- My name is Jed Horovitz. I run a very small company that distributes the movie previews you see in your local video store. We have about a half dozen employees. We've been doing that for 16 years. In 1998, we started to help retailers like Netflix.com and libraries inform their customers and patrons about movies via their web sites.
In the summer of 2000, The Walt Disney Company sent us a 'cease and desist' letter stating that we were violating their copyright by helping to promote their movies online. Yes, that's right, Disney wanted us to stop helping them make more money. Confused? So was I. My attorney advised me that we could ask the court for a 'declaratory judgement' to find out if Disney really had the right to order us around like that. We did and then Disney sued for $110 million.
I don't really know why they'd suddenly want to stop us from doing online the exact same thing that we've been doing in stores for years, but letting them dictate how, where and to whom we provide what information would have compromised our integrity and put us out of business. I do know that they want to insure that nothing negative can ever be said about their movies, and that just didn't seem right.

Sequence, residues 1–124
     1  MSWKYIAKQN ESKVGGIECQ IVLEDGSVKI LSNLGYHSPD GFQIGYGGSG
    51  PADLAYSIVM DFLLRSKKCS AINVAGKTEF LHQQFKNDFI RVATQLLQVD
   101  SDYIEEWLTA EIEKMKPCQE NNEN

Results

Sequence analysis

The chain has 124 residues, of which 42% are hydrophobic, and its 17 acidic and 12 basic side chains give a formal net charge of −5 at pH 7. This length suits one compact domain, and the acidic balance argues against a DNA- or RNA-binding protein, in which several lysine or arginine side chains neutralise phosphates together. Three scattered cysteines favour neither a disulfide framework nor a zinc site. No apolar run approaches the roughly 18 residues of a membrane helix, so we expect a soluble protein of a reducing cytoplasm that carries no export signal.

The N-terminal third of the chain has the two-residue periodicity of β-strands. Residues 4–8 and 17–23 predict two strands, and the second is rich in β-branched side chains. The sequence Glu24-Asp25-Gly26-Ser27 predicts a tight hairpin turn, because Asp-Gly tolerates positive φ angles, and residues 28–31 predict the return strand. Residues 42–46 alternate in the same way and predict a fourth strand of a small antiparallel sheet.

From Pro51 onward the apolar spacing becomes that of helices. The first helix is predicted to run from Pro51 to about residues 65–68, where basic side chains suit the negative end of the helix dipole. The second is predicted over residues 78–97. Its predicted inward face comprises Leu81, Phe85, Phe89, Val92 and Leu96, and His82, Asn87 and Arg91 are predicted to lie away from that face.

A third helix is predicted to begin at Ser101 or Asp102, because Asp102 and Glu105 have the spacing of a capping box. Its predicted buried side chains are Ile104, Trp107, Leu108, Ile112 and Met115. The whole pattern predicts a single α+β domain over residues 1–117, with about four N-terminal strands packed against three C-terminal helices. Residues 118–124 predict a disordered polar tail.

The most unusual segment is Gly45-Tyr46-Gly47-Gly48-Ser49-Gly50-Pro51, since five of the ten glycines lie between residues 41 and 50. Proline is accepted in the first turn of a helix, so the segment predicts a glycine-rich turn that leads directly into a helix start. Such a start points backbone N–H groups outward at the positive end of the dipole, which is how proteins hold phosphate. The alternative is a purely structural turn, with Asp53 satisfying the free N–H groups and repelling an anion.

Ever wonder what it feels like to be sued for more money than Napster? It's pretty scary. After awhile it becomes an endurance contest. Lawyers talk. Lawyers write. Judges talk. Judges write. You pay lots of legal bills. You don't get to say a thing. You get frustrated. Nobody else notices. That is why I made this movie.
It started out as the story of my lawsuit with the mouse. At first, I was going to call it "Mickey and Me" but, as I talked to others facing run-ins over copyright, it turned out to be about so much more than just my story. This is a video about the struggle between free expression and private 'intellectual' property. It all centers on the right to 'quote'.